The world is full of computation - School of Science, the University of Tokyo
Oct 19, 2015

The world is full of computation

07. Department of Information Sciences — Hagiya Laboratory

Professor Masami Hagiya
Graduate School of Information Science and Technology
Department of Computer Science


Professor Hagiya graduated from the Department of Information Sciences at the University of Tokyo in 1980, then the Master’s Program in Information Sciences in 1982. He received his Ph.D. from Kyoto University in 1988. In 1992 he became an associate professor at the University of Tokyo’s Department of Information Sciences, and then a full professor in computer science in 2001.

Computers are not the only thing to perform computation. “Nature is full of computation,” says Professor Masami Hagiya. This concept is called “natural computing.”

We can observe natural phenomena as computation and describe what we see using precise mathematical definitions, resulting in a computational model. After such models are analyzed and generalized, they can once again be implemented by possibly other kinds of natural phenomena.

What we refer to as “computation” here is a process in which a system changes its state in response to an input. Since a human’s brain and a living cell change their state in response to an input, they are all performing computation.

“The computers we use every day are one form of natural computing,” Professor Hagiya says. “What we’re doing is observing computational features in the movement of electrons and modeling them as “Boolean logic.” We then artificially implement the model by the physical phenomenon called “digital circuits,” and combine those circuits into the form of a computer. The basis of this process is a computational model called Turing machine.”

The idea of Turing machine, which forms the root of our present-day computers, was developed in the first half of the twentieth century by the mathematician Alan Turing. Turing machine was proposed as a model of a mathematician performing computation as a natural phenomenon.

“Lambda calculus and parallel calculi are other examples of computational models,” says Professor Hagiya. “Those are well-established models in a sense, but we are more interested in constructing new models. Doing so requires focusing on natural phenomena that have not been dealt with in the past.”

One of the new phenomena that Professor Hagiya is interested in is quantum effects. A strange phenomenon of the quantum world is “entanglement,” in which systems separated by distance retain a connected relationship. There are now attempts to find computational features of this phenomenon, to model them, and to implement the resulting model in the form of a quantum computer. Professor Hagiya is highly interested in what kinds of computational models can be constructed.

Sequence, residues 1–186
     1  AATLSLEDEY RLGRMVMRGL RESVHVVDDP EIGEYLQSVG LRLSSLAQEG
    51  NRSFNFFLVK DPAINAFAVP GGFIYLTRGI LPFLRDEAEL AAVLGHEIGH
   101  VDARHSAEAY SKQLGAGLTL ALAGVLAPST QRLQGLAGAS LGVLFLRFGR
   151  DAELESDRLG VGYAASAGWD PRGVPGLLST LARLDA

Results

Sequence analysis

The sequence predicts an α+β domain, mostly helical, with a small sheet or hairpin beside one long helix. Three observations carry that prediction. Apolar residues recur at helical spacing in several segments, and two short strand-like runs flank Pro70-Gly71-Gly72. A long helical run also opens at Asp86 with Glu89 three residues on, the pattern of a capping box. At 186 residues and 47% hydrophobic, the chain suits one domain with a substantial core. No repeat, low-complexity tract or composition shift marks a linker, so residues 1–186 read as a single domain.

Another major theme is “molecules.” Currently, it is possible to create artificial membranes, into which DNA molecules are inserted, or to use DNA molecules to create a slime-like gel, into which devices made from molecules are inserted. DNA and other molecular devices work as “molecular computers,” which can respond to external stimuli. Going further to create robots has resulted in the research area called “molecular robotics.” Professor Hagiya is currently conducting an interdisciplinary research project pursued by researchers in fields such as chemistry, biology, and systems engineering.

The Hagiya Laboratory researches a wide variety of areas related to natural phenomena. It has welcomed research students from many countries, including China, France, and Algeria. These students pursue research on a wide variety of themes, including quantum computing, molecular computing, the application of computational models to software security analysis (model checking), and verification of the security of quantum encryption. “Our research is quite broad, from fields related to the safety and security of society, to enigmatic areas like quantum and molecular computing that carry a bit of risk,” says Professor Hagiya.

Computational models are quite abstract, but that is what makes them so easy to adapt to various phenomena. “That’s one of the strongest aspects of this research,” says Professor Hagiya. “It’s a wonderful feeling to construct a new model that has universality. Even better is when you can use it to find a relationship between phenomena that seem completely unrelated.”

Increasing the level of abstract thinking opens doors to new, unexplored worlds.

Student Evaluations

“He’s a very interesting professor, the kind I hope to become someday.” (Ibuki Kawamata, D3)
“He’s willing to stick with students, however far they want to go.” (Takahiro Kubota, D3)
“He’s a good combination of nice and strict. And he has such cute handwriting!” (Kentaro Honda, D1)
“I’ve never seen him not smiling.” (Shaoyu Wang, research student)



A model of a DNA state transition machine based on a graph rewriting system. Uppercase and lowercase letters indicate complementary DNA sequences, and chemical reactions are shown as graph rewrites. (Graph by Ibuki Kawamata.)

― Office of Communication ―

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